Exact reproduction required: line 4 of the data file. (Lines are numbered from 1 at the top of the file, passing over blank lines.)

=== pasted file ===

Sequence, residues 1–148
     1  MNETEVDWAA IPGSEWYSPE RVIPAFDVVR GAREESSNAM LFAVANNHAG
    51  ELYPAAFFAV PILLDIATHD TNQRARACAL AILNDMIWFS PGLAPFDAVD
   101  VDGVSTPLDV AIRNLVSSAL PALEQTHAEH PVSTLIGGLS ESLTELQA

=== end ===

   101  VDGVSTPLDV AIRNLVSSAL PALEQTHAEH PVSTLIGGLS ESLTELQA